In the Action and Thriller genre the Villain is actually driving the story. The villain is going to do some evil deed and the hero must stop him. In my book THE SECRETS OF ACTION SCREENWRITING I use DIE HARD to demonstrates how the hero is completely interchangeable in action scripts... but the villain's plan is the key to the story. If you remove John McClane from DIE HARD you still have Hans robbing the Nakatome Tower on Christmas Eve... and Officer Al Powell would end up being the hero. If you remove Powell's character, the two FBI Agents might be the hero... or maybe Holly Genero. Somebody has to stop Hans from robbing the safe and blowing up all of the hostages! The most important part of any Action or Thriller script is the Villain's Plan, and the most important character isn't the hero... it's the villain!


There doesn't have to be a human antagonist, but there does need to be some tangible (visual - so that the audience knows it's there) obstacle. Usually that's a person, because it's much easier to create conflict if your obstacle can talk back to your protagonist.

There are three kinds of conflict: Man against Man, Man against Nature, and Man against Himself. The first two are common in film because we can SEE the conflict. The last is tricky, but can be used in a script if the conflict can be made visible to the audience.

In THE PERFECT STORM the WEATHER is the antagonist, it's a Man against Nature story. But they forgot to make the weather a character. The closest we got was that giant wave. The weather was the antagonist in TWISTER - and each tornado was given a distinctive "personality". The twin tornadoes, the tornado that chases them across the farm, the one that lifts livestock like in THE WIZARD OF OZ . But some silly Hollywood executive thought it would be a good idea to have Cary Elwes as an EVIL meteorologist in a black van... some weird idea of a human antagonist. This might have worked if Elwes had created the twister, or was controlling it, or was talking people into driving into the twister's path... but in the film he was just kind of silly. Antagonists don't have to be people, but they have to be tangible. Since we could already see the tornadoes, Cary Elwes' character was redundant. An evil meteorologist?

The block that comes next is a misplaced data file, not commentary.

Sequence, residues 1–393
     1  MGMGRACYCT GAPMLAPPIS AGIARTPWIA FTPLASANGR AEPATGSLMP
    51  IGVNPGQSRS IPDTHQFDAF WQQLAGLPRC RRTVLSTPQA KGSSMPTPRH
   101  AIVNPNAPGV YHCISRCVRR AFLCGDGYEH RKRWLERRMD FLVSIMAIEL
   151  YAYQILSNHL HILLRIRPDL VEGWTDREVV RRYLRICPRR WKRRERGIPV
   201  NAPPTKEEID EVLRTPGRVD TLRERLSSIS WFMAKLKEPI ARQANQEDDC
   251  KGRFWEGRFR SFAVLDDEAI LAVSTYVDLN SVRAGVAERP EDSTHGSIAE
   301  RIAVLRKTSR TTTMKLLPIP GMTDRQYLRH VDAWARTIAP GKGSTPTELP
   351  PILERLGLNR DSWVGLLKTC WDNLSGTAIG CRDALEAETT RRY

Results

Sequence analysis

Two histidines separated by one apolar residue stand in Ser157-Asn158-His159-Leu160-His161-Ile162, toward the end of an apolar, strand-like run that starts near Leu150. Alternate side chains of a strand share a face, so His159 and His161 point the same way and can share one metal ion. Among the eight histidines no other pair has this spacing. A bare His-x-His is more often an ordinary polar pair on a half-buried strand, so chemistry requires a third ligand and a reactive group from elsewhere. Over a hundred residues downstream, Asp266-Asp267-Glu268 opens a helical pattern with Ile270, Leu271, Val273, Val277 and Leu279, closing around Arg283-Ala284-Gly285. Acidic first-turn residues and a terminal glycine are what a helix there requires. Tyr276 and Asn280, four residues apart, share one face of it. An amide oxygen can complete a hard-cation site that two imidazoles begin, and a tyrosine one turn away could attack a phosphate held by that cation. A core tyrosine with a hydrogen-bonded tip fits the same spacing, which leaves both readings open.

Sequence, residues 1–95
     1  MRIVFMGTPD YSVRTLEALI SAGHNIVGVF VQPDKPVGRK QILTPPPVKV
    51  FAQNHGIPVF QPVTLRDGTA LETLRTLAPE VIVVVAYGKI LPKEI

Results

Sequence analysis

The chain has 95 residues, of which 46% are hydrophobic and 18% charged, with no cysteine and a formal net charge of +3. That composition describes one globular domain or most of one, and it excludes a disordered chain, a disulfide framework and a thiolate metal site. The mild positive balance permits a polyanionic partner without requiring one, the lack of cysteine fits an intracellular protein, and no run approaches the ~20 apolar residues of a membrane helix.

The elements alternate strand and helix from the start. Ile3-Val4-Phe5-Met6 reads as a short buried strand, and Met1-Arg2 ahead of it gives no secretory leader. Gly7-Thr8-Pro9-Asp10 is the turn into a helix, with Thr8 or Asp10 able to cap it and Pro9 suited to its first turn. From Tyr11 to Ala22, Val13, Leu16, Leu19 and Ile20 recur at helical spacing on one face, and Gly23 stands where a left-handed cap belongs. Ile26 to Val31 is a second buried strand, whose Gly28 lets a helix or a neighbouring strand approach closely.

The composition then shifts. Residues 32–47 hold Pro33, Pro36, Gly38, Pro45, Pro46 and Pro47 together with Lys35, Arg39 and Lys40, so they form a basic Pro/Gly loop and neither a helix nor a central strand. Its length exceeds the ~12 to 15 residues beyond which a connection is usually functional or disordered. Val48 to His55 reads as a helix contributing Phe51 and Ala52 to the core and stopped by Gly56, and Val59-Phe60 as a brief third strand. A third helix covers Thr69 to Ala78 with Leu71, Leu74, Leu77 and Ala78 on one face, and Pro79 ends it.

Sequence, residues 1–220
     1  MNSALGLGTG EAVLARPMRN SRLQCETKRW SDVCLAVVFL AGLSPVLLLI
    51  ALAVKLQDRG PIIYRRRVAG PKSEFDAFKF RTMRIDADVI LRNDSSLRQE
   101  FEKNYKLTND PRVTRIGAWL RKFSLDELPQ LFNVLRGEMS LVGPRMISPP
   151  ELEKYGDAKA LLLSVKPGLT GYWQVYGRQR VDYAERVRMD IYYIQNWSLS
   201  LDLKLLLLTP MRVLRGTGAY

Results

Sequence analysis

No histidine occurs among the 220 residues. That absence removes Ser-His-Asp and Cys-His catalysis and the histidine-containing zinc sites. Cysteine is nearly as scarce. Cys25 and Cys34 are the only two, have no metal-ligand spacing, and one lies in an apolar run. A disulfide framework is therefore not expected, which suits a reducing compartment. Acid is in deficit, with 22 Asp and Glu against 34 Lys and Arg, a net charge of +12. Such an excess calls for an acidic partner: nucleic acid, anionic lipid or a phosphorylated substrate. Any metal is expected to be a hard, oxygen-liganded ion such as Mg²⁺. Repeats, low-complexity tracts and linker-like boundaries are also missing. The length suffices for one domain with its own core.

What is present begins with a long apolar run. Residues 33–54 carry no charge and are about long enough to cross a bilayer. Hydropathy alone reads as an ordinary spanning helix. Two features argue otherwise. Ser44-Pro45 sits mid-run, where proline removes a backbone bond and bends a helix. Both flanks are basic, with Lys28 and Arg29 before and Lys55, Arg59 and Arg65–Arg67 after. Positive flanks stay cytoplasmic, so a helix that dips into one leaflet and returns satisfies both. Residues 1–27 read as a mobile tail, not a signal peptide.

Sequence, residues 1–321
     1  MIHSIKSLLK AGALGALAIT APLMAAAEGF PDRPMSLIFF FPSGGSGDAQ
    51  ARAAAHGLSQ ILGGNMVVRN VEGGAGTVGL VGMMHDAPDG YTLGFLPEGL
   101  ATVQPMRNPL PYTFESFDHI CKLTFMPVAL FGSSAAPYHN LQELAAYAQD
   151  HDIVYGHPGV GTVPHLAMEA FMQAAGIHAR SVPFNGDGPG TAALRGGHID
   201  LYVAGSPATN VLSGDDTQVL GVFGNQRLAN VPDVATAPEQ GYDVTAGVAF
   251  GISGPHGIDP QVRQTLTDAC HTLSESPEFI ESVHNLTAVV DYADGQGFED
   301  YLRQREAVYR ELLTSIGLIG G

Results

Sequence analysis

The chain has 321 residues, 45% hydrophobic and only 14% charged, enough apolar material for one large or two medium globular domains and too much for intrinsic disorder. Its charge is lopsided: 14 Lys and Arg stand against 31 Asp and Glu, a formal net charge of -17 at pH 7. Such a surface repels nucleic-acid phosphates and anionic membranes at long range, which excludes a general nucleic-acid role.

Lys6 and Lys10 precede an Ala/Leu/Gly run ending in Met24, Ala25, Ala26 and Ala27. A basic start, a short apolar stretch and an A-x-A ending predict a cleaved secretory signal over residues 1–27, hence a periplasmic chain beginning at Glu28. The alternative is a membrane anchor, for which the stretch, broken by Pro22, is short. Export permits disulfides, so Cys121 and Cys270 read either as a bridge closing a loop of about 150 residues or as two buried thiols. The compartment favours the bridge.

Your conflict has to be something that can be visually expressed. We have to be able to record it on film. That leaves out some moral and ethical conflicts (Man against himself), because they are all about what people THINK - and we can't see that. You CAN make some moral and ethical conflicts visual through symbols. You can also make some choices visual by creating situations where physical actions show moral decisions. If two people are running away from an escaped tiger, and one trips and falls... does the other go back to rescue them (and put his own life in peril for a stranger)? By creating a situation where PHYSICAL ACTIONS show decisions we can explore some internal conflicts.

In the Weitz brother's AMERICAN PIE the main conflict is man against himself: our protagonist can't get a girl because he's a geek. We can SEE him not getting the girl. But there are antagonistic characters in the film: the popular guys in high school who ridicule the protagonist for his failures, plus the COMPETITION between the four guys to lose their virginity by graduation night makes his buddies rivals (kind of low key antagonists). If you can't find a way to SHOW the internal conflict, the audience has no way of knowing it exists.